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Within schools, universities and new research centers across all post-socialist economies, most Marxist educators have been purged or have reinvented themselves as neo-bourgeois teachers and scholars, hesitant to openly counter EU and Council of Europe ideology. In Bulgaria, a whole confused generation of students has been effectively ‘inoculated’ against the socialist legacy and achievements of their own country’s recent past, in the process stifling critical thought, smothering revolutionary perspectives, stoking vast cynicism in a crucible of profound discontent. The mass violence that flared across Bosnia in February 2014 over unemployment (at 40%), corruption and poverty reflects a similar conjuncture of capitalist immiseration in the heart of former Yugoslavia (Karadjis, 2014), where much industry has been destroyed. Wilson (2014) reminds us: “In the two decades since the U.S. imposed the Dayton Accords, U.S. and EU imperialism has fractured the former sovereign Yugoslavia into seven puppet ministates and systematically looted it of almost all of its industries and resources.” As Robertson (2014) notes:

[…] the challenge will be for activists to look beyond the local political elites and see behind them so many European elites who are aiding the attempts to transform not just Bosnia, but the entire Balkan region into a single neoliberal experiment. A new Balkans is possible–and we are seeing a glimpse of it in the streets of Bosnia and Herzegovina today.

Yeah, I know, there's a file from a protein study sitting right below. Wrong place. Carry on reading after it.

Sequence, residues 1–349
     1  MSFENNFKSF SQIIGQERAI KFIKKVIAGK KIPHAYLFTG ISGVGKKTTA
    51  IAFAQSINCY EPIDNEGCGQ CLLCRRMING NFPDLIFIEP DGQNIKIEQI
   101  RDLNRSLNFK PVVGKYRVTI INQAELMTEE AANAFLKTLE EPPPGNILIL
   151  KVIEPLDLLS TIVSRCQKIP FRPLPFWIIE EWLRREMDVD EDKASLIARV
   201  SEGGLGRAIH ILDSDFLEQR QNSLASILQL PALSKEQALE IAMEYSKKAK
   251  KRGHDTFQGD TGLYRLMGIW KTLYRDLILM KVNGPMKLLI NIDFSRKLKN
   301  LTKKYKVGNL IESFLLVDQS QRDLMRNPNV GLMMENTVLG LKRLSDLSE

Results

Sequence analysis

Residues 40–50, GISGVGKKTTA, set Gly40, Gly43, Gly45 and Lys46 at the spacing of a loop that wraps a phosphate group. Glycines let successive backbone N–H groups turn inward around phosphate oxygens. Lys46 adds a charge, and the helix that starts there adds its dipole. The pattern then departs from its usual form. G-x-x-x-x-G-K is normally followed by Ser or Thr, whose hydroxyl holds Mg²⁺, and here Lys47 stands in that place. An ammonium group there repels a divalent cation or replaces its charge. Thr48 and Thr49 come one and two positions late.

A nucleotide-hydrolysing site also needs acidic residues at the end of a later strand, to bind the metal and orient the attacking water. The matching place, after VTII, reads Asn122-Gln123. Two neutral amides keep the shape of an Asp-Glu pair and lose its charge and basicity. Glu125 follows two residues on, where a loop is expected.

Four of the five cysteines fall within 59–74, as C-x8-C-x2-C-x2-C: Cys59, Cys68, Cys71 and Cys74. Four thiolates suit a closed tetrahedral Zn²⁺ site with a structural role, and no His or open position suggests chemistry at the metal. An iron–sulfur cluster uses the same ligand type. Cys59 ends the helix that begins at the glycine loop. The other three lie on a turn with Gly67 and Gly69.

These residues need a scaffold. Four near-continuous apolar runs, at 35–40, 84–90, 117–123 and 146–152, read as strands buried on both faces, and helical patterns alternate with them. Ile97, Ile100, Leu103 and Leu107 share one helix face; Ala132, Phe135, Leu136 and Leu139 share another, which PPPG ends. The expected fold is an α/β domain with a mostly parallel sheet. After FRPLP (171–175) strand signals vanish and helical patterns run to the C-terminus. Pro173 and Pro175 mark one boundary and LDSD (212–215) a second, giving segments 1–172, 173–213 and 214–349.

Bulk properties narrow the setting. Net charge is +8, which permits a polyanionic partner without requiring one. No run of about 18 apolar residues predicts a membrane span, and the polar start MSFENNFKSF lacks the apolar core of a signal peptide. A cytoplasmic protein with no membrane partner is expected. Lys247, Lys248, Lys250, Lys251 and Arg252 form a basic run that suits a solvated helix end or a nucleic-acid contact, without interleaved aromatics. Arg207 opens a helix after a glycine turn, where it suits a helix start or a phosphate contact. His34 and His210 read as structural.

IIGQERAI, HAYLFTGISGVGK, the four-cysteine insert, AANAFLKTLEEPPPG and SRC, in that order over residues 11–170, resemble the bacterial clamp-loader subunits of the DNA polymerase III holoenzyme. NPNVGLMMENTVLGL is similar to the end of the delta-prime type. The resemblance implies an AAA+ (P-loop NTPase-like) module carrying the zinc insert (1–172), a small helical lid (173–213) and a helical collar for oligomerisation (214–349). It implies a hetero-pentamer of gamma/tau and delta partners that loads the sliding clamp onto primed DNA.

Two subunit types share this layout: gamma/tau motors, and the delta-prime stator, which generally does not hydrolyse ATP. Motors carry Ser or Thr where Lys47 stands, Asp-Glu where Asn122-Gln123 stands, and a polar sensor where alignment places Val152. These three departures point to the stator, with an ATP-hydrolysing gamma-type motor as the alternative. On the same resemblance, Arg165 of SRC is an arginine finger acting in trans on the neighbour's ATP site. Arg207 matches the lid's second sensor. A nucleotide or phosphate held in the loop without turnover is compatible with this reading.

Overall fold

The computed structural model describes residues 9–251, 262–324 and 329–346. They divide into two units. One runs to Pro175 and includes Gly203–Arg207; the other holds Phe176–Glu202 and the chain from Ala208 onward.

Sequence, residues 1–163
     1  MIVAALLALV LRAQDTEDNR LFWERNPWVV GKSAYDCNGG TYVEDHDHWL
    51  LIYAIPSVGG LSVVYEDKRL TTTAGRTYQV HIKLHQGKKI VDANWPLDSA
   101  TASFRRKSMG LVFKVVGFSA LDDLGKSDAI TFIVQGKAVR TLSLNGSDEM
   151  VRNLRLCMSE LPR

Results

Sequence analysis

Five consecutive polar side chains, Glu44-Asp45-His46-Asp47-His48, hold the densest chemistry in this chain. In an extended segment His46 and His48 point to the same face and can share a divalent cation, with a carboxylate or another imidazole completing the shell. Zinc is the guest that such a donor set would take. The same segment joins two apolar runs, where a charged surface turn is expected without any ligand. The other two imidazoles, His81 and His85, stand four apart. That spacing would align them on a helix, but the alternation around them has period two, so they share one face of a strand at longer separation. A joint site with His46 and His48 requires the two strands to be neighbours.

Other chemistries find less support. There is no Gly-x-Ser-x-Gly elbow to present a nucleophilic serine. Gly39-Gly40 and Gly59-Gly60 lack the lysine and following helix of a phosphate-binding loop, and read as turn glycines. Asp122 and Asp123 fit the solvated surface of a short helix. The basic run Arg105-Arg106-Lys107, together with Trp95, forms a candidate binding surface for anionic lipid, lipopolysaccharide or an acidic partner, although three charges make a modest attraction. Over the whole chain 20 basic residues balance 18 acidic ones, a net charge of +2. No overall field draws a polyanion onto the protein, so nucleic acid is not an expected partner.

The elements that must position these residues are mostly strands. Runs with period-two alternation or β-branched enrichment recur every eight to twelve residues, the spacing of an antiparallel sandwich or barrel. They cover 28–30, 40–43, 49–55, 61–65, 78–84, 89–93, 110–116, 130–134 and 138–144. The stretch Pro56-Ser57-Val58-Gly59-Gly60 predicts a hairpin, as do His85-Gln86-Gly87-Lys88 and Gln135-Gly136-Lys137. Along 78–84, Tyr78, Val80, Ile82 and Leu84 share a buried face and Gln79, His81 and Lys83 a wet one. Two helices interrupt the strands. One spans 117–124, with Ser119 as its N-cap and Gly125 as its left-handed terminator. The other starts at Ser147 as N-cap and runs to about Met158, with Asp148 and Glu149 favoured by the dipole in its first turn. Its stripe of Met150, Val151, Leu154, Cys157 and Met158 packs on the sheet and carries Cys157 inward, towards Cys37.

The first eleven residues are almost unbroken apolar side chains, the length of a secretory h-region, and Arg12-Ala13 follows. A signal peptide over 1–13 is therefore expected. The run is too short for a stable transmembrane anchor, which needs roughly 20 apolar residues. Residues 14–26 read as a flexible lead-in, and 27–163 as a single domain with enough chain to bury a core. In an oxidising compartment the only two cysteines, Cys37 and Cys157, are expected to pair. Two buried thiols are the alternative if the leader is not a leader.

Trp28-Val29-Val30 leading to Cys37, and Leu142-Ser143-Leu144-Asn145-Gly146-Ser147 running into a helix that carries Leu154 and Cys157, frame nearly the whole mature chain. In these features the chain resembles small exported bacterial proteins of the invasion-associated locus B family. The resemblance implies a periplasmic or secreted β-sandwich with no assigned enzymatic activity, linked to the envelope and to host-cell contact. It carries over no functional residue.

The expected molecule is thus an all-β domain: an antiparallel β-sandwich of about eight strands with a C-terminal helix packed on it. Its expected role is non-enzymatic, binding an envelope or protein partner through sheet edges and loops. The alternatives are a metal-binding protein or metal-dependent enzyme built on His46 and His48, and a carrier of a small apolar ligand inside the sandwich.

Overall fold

1.2 Naturalizing immiseration

The ideological state apparatuses of the post-socialist neo-capitalist states have been especially energetic in convincing populations stunned by the implosion of their former socialist life worlds that whatever the nightmares, anomie and alienation of the ‘transition,’ there is seemingly no alternative. These apparatuses are especially busy seeking to “naturalize” Capitalism restored in a manner highly distinctive to post-socialist realities, endeavoring to convince bewildered populations of the inevitability of far “poorer standards of public services, greater inequalities between rich and poor” (Hill, 2006: sec. 3), part of the prolonged ‘transition’ to free-market ‘democratic’ bourgeois political economies – in effect implanting a whole set of neo-liberally driven epistemologies (see also Sotiris, 2013a: 106-8), a neoliberal “common sense” (Gramsci, 1971: 322). Reich (2014) analyzes how capitalizations permeate all aspects of contemporary life, creating myriad forms of social, cultural, and even “body capital,” as well as what he terms “learning capital” through the capitalization of schooling, cognition and the universities. An interesting question for research is the distinctive architecture and tenor of such ISAs within post-socialist spaces of Bill Templer